In the final of Wirecard Solutions South Africa’s three-part webinar series, ‘Reset, Restore, Renew’, it was expert facilitator, Peter Thomas who led participants through a practical masterclass of strategy planning and development. A defining feature of Peter’s approach is his insistence that it involve and include all relevant stakeholders, equally:

“The wealth of knowledge and wisdom available to you within your own group of people – be they colleagues, customers or suppliers – will astound you,” Peter said.

In opening his session, Peter told a captivating story about Okavango wildlife documentary makers, Dereck and Beverly Joubert. Specifically, of a film of theirs featuring a lioness named Fekeetsa, which means ‘overcomes’. Left for dead after a herd of buffalo attacked her for preying on one of their own, it was years before the filmmakers spotted Fekeetsa again. Left permanently wounded from the earlier attack, she had become a mother with two cubs to feed. The filmmakers documented how the lioness had learned to adapt her hunting skills for smaller, waterborne prey. Yet, adapt she did.

Peter used Fekeetsa’s story to talk about resilience – a recurrent theme throughout the webinar series, which in previous weeks had featured motivational speaker, Andre du Toit aka The Big Positive Guy, and Elzabè Opperman, MD of The Talking Point.

Having set the scene for his webinar, Peter went on to introduce two important points about creating the right framework for effective strategic planning:

 

Begin with the end in mind

Quoting Steve Covey’s bestseller, The 7 Habits of Highly Effective People, Peter advises strategic planners to “begin with the end in mind”. By this he means to open the group’s thinking to a future scenario – one built

around resilience and sustainability. A great way to start is with open-ended questions, such as, ‘How can we build our business to be more resilient, agile and adaptive in the future?’ As questions go, it’s a great idea starter.

 

Collaborate every step of the way

Peter shared his personal, two-precept philosophy, shaped over decades of helping business leaders to develop winning strategies. The first is to trust your people. And the second is to trust your process.

To drive home his point about trust and inclusivity, Peter quoted master strategist and management thinker, Tony Manning. When asked by CEOs, ‘Who should we include in the strategy session?’ Manning’s reply is consistent: ‘Everyone’. Because, Peter said, you never know who will offer the most valuable insights or the best ideas. Also, because ideas get built up with more ideas from other contributions. This participative process, Peter stresses, is what makes a strategy gain traction and what assures it of successful implementation.

Peter then launched into the process of effective strategic planning, which involves a four-step process using his unique visual mapping methodology:

 

Step 1: Idea generation

This step begins with asking the right questions – in other words, focused on opportunities and/or threats. Peter’s advice, echoing his earlier point about creating the right framework for strategic planning, is to ensure that questions are open-ended. So, avoid questions that can lead to simple ‘yes, no’ answers. The questions should be exploratory, expansive and thought provoking. Another great piece of advice Peter gave is to ensure that questions are stated simply, ensuring that they are understood easily.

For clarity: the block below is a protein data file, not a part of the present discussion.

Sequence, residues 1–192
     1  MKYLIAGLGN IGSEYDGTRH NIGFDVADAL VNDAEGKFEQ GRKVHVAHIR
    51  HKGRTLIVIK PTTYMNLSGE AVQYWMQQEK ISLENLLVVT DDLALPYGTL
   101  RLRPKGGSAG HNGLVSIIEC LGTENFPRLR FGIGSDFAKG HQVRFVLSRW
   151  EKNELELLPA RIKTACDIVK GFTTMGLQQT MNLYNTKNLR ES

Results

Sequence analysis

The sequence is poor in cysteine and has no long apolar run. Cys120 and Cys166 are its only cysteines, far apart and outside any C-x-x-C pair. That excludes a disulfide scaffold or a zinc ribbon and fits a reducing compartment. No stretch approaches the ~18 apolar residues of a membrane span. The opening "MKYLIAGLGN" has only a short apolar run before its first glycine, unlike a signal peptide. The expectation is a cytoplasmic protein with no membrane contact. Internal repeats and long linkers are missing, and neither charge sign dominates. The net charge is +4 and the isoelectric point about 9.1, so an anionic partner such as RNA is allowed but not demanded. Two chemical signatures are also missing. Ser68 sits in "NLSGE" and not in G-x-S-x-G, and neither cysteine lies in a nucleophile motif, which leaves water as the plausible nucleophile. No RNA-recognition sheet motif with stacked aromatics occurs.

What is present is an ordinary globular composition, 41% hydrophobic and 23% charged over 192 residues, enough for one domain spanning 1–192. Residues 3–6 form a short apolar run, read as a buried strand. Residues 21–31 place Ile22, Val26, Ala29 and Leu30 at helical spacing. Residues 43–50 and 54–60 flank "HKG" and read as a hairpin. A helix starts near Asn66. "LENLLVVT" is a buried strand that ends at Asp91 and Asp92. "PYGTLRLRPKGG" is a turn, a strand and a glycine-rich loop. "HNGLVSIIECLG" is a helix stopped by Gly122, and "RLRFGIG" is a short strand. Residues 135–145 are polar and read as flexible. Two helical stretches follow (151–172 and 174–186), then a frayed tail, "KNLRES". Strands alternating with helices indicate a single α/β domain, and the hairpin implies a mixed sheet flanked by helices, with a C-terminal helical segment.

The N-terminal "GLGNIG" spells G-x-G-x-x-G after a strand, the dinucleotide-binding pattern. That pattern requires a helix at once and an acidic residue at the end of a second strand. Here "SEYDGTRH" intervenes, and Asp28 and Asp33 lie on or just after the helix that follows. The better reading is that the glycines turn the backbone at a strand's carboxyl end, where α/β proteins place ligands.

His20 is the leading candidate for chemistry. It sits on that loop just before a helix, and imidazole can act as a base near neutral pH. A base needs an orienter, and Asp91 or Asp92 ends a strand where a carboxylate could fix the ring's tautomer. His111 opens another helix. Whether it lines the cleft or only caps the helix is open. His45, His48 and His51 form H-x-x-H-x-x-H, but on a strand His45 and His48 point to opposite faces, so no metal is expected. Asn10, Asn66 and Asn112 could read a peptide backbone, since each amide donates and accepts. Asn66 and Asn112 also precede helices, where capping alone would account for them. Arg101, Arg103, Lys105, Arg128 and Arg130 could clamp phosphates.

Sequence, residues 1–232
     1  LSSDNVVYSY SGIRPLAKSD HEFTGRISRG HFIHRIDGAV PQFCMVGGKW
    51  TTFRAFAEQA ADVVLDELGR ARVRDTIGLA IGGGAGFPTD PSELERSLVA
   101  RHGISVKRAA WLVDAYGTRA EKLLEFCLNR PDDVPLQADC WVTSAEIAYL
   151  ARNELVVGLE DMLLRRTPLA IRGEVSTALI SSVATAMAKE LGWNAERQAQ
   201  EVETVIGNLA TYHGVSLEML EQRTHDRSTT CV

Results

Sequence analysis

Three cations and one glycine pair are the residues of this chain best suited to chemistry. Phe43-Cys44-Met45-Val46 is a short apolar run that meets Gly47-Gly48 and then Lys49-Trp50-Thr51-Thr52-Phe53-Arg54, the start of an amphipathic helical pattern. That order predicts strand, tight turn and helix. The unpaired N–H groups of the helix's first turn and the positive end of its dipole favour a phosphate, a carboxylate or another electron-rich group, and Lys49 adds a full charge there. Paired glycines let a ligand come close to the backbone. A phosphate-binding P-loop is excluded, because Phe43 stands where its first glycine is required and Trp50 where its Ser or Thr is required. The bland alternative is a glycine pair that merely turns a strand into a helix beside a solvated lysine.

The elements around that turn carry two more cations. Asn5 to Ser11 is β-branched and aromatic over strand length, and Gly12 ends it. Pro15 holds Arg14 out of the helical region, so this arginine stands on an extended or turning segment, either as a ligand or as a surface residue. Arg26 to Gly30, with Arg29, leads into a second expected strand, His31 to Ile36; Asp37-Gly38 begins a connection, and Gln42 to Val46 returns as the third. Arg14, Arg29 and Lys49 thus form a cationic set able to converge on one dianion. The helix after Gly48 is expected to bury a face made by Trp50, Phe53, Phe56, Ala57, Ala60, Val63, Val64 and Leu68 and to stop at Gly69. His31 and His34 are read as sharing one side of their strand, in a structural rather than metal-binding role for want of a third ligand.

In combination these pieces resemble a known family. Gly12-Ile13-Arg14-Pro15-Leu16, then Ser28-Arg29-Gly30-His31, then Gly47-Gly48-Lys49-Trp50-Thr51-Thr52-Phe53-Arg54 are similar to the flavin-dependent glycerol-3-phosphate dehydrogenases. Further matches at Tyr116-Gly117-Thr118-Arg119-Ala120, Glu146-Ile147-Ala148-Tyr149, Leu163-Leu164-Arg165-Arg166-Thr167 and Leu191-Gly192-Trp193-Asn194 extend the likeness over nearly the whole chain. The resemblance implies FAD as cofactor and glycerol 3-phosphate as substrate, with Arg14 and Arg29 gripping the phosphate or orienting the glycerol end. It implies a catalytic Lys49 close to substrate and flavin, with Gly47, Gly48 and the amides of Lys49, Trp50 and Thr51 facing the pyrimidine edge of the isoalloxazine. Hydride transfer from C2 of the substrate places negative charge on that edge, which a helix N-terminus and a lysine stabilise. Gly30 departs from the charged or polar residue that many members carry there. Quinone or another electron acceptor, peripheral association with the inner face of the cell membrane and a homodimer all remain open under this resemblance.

Participants are then asked to jot down their responses to questions. In the new world of remote working, this means typing them and sharing them with the rest of the group online.

 

Step 2: Clustering

 This next step, Peter said, can be the most challenging and requires a facilitator or coordinator skilled in assimilating, assessing and grouping a lot of information, quickly. With the facilitator’s guidance, the group clusters like-minded and related ideas. Put simply, clustering has the effect of coordinating the group’s thinking.

 

Step 3: Debate

 With 10-12 good ideas on the whiteboard (physical or digital), the next step involves group discussion. In describing the ‘debate’ component of the process, Peter said, “This is when things get interesting, as the rich diversity of thought begins to emerge from the group.”

With a plethora of digital communication tools and technology available – from Microsoft Teams and GoToMeeting, to Zoom and Bluejeans – lively debate around the quality and prioritization of ideas is sure to ensue, albeit remotely.

 

Step 4: Evaluation

In reaching the final step of the process – evaluation – Peter explained that this is when the group’s ideas materialize into an action plan. At this point, it becomes the job of the chosen coordinator or facilitator to translate the ideas into key issues, which can then be actioned. Essentially, deciding who is doing what, and by when.

The session ends with the materialization of a report, which can then be finessed and finalized for distribution and approval.

Before taking questions from the webinar participants, Peter ended his webinar highlighting the key benefit of his four-step strategy building process. It brings people together. It’s a reliable way to motivate, engage and involve people in your business. Through their participation, people come to feel part of the plan, which gives them confidence, and a new sense of purpose.

At a time when the Covid-19 pandemic has forced everyone to fundamentally rethink the meaning and purpose of their business, Peter Thomas’s unique strategy-building methodology is not just a tool. It’s life support.

You’ll find more about Peter’s unique visual mapping methodology, here.